Leading trials against coronavirus


Joaquín Martínez, Head of the CRIS Unit for Haematological Tumours participates in two leading trials against coronavirus. 


CRIS Cancer Foundation knows how vital research is to make advances to cure diseases and so is supporting two clinical trials in the fight against coronavirus. We do so by making available the use of the CRIS Haematology Tumour Unit at 12 October University Hospital, Madrid. CRIS will also be collaborating with the Clinical Hospital by giving them the temporary loan of the area where a new CRIS Unit for Experimental Therapies is being built. During this time of crisis, this area will be used for the treatment of patients with coronavirus to meet the urgent need for space as hospitals reach their full capacity.   


The Haematology area of ​​Hospital 12 de Octubre, led by Dr. Joaquín Martínez López, who is also Head of the CRIS Unit for Hematological Tumours , will participate in a major clinical trial in which the efficacy of Aplidin in patients with coronavirus will be testedThis treatment will be used in coronavirus patients from both the haematology and oncology areas. Aplidin (plitidepsin) is a compound that was first isolated from Aplidium albicans, a marine animal that lives stuck to rocks, and was initially developed as a drug against some types of cancer, especially haematological (cancer of blood cells) as it has demonstrated the ability to kill certain tumour cells. 

The CRIS Unit will participate in a major clinical trial testing the efficacy of Aplidin. This treatment will be used in coronavirus patients from both the haematology and oncology areas. 


It is often the case that a compound that is developed and used for a specific medical purpose may also have other functions that were not initially identified or expected. This is the case with Aplidin, which could play an important role in the treatment of the SARS-CoV-19 coronavirus, the virus that has caused the COVID-19 epidemic. Scientists from the National Centre for Biotechnology (CSIC) have demonstrated in laboratory models that Aplidin effectively stops viruses very similar to SARS-CoV-19.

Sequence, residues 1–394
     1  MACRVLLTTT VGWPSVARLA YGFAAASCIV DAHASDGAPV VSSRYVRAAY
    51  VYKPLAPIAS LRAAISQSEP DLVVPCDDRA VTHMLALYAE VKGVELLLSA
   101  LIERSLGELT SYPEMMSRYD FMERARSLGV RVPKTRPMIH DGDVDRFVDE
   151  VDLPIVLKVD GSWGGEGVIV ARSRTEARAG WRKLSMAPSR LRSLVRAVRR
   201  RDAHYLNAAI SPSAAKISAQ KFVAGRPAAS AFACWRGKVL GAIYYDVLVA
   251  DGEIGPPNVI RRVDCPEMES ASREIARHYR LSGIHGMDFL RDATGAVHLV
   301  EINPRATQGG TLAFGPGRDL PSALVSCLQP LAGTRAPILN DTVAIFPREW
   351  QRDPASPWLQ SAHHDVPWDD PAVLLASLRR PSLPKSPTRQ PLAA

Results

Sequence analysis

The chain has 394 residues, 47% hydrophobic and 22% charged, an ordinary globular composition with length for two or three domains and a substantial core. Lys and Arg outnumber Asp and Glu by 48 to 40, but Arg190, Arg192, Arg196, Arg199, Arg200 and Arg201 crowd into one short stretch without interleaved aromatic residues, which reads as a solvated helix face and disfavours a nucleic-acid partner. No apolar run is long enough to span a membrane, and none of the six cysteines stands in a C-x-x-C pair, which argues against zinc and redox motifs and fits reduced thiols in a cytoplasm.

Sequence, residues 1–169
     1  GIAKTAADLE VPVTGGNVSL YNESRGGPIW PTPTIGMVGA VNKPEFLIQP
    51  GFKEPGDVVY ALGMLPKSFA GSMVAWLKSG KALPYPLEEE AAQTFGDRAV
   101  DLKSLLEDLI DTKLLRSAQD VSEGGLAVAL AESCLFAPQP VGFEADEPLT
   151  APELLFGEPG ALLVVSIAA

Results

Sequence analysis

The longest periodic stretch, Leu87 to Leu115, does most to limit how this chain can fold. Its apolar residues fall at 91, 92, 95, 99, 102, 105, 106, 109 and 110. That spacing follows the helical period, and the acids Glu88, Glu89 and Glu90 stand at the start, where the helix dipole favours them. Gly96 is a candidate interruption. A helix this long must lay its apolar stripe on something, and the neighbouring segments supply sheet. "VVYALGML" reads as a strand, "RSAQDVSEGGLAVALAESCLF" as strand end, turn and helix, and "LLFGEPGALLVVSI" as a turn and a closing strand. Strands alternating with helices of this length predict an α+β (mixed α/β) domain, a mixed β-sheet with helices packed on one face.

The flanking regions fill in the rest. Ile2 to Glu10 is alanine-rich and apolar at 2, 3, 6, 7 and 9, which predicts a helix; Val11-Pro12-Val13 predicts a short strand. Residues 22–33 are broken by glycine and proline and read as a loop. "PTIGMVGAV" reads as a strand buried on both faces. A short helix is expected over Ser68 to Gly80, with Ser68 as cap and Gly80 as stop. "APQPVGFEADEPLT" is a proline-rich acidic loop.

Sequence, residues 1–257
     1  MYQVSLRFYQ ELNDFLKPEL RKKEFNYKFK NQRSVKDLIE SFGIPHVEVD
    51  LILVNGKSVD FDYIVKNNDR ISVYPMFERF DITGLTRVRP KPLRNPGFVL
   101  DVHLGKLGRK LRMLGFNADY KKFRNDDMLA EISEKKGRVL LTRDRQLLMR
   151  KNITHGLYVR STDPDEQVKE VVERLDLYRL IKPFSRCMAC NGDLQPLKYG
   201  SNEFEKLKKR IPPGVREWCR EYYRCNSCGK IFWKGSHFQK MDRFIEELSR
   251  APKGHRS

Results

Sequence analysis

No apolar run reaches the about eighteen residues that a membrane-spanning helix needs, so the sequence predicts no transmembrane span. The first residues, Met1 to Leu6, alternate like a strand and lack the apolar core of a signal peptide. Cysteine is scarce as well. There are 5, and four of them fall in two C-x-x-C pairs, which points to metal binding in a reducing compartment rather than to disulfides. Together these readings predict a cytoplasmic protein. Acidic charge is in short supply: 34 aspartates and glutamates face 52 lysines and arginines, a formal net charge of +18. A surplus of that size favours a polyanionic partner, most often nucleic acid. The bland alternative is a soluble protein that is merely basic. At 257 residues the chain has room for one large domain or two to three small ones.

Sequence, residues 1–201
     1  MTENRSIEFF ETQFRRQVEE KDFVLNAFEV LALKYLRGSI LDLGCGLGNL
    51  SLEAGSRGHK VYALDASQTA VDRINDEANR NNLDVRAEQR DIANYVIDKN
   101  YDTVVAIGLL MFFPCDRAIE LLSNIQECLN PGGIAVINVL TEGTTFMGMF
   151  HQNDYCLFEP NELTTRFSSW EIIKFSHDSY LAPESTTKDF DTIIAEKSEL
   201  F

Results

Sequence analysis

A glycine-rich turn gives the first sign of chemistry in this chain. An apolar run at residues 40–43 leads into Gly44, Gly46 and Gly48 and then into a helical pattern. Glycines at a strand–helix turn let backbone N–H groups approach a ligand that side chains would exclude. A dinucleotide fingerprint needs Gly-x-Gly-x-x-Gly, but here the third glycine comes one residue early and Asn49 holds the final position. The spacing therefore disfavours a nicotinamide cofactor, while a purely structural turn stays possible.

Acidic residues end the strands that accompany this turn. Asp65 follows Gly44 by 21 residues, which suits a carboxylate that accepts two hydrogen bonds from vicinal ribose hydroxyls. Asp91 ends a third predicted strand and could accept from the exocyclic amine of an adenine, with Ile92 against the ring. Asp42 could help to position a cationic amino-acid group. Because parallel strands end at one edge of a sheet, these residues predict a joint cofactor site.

Dr. Joaquín Martínez also participates in another  clinical trial launched by Adaptive Technologies and Microsoft.  The immune system has several lines of defence. When a threat (disease) first attacks the body, the cells that patrol the body try to contain the invasion. These troops are often called the innate immune system. If they are unable to contain the onslaught of infections, they often recruit more specialised troops, who develop a more potent immune response, the so-called adaptive immune response. This adaptive response is the one that makes our body remember previous infections and develop immunity against them. 

CRIS personnel will also participate in a clinical trial launched by Adaptive Technologies and Microsoft that tries to understand how the immune system reacts to the coronavirus in patients infected by or recovered from coronavirus.



Understanding how the immune system reacts to the coronavirus in patients infected by or recovered from coronavirus can be vital in developing effective and targeted therapies against key points of infection.  To this end, Adaptive Biotechnologies and Microsoft have launched a major clinical study, in which blood samples from patients infected by or recovered from COVID-19 will be analysed, and certain key points of the immune response will be studied in depth (specifically the receptors with which the lymphocytes, elite cells of the adaptive immune system, recognise the virus). The information, shared with the scientific community in real time, will provide essential data to improve and refine the diagnosis, predict the highest risk patients and more. 


51 hospitals will participate in this trial, including the 12 de Octubre University Hospital, through Joaquín Martínez, Head of Haematology and Director of the CRIS Unit of Haematological Tumours.  The data will be constantly updated to facilitate access to study information and advance against the virus as quickly as possible. 


This emergency health situation requires the urgent development of new therapeutic strategies to contain the pandemic. These trials will have the support and technical help of CRIS Cancer FoundationThe current situation caused by coronavirus is challenging, but researchers are making an enormous effort through collaboration and innovation, with the aim of successfully curbing and combating this epidemic. 

It is research that will provide the answers to fighting disease.